Studies investigating the role of reinfection after vaccination and its impact on long COVID have so far produced  conflicting results.

There is interest in determining whether vaccines could have a potential therapeutic effect against already-existing long COVID. However, because one of the proposed mechanisms underpinning long COVID includes immune-mediated pathogenesis, there is also a theoretical risk that vaccination with inflammatory spike protein could cause, or exacerbate, long-COVID-like symptoms. Data on this question are so far are inconclusive, as illustrated by a French study of 380 patients with long COVID who were vaccinated approximately one year after initial infection, finding improvement of symptoms in 22%, worsening symptoms in 31%, and no effect in 47%.

Aside from vaccines, two oral antiviral drugs have recently been licensed, the protease inhibitor Paxlovid and Molnupiravir, a drug that introduces mutations in the viral genome, but there are so far no data to support any protective effect on long COVID. Whether treatment-as-prevention could be applied as a strategy to combat long COVID in general, or for select risk populations, should be investigated further.

The more urgent question of whether any antiviral drugs could be helpful directly as treatment for long COVID is unclear. As viral persistence is probably not important for the pathogenesis of long COVID, any direct effect of antivirals on long COVID would be surprising. Corticosteroids, such as dexamethasone and prednisolone, are widely used for hospitalized COVID-19 patients because of their proven efficacy against severe disease, but they are not effective in mild COVID-19. There is no evidence that corticosteroid treatment in acute COVID-19 can prevent long COVID.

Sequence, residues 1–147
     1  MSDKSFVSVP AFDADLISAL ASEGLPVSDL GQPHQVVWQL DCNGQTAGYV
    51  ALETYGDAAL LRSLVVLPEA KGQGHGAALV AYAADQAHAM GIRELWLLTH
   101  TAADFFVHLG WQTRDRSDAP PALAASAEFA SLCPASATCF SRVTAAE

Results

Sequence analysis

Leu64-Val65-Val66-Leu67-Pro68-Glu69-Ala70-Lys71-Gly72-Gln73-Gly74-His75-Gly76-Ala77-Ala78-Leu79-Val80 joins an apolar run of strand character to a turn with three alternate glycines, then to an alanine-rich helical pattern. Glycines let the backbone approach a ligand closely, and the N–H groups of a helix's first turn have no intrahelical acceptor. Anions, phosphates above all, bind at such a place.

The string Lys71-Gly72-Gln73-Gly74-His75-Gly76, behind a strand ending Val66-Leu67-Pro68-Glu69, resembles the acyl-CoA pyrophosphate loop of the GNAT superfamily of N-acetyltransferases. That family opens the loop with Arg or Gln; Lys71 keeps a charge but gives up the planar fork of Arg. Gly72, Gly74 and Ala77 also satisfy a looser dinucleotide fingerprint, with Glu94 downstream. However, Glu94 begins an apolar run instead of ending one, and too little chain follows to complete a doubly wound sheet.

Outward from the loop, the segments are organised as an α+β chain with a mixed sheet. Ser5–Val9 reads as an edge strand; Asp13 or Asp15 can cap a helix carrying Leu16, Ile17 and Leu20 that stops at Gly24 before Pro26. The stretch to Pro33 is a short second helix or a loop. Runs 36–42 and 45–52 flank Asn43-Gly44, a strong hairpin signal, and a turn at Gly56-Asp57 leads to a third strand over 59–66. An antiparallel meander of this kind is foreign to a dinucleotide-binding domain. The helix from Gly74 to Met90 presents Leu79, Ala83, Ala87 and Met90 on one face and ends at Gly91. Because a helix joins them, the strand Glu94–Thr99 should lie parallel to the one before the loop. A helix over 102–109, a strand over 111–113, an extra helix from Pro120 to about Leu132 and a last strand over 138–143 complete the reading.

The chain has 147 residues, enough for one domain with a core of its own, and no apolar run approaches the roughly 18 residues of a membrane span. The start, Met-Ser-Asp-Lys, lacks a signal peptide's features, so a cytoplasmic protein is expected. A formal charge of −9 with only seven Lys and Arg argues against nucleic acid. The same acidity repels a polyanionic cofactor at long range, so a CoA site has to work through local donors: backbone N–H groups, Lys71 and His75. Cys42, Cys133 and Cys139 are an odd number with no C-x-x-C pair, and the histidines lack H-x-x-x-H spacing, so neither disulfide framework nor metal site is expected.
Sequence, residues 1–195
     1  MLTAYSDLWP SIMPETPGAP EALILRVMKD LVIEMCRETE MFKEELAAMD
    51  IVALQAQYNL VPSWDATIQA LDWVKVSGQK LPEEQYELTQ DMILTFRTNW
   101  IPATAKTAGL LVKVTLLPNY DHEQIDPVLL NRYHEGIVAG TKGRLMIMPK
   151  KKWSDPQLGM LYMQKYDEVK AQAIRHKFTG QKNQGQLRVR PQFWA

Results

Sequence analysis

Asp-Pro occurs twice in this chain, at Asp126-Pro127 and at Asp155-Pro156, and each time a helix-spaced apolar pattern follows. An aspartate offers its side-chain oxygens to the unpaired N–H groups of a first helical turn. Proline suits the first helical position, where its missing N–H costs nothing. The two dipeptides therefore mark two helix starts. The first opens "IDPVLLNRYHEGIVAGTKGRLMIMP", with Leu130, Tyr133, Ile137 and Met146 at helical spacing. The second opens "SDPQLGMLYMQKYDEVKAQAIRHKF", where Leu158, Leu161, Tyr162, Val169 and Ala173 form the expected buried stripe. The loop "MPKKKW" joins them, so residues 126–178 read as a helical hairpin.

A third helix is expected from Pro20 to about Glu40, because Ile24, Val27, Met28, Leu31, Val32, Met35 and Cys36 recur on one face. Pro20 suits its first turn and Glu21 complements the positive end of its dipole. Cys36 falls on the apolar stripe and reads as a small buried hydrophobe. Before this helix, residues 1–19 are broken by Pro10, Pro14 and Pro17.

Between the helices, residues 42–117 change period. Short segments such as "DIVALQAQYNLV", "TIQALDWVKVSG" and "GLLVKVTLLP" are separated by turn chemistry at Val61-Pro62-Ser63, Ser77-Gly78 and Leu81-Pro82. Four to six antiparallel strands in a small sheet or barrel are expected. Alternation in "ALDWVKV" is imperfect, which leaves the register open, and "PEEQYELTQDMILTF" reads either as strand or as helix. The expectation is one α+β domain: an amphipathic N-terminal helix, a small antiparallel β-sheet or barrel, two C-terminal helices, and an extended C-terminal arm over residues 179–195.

Nutritional Thereapies – what to do and not to do

Management of long COVID lacks proven medical therapies. There are, however, recognised nutritional therapies that can help.

First, a plant-based diet is well-established to lower inflammatory effects. Long-COVID symptoms such as fatigue, insomnia, and musculoskeletal pain can be improved with a plant-based diet (Storz, 2021). Moreover, it also provides plenty of vitamins, phytochemicals and antioxidants to support the immune system. A plant-based, high-fibre diet appears to be beneficial to host gut microbiomes to enhance the immune system. A plant-based diet has a variety of protein-rich sources (eg pulses, beans, tofu, nuts and seeds) and healthy fats (eg olive oil, avocado). Furthermore, adherence to a ‘plant-based’ diet does not necessarily eliminate animal-derived foods. Consuming animal foods such as eggs and oily fish can add benefits of essential amino acids and omega-3 DHA and EPA.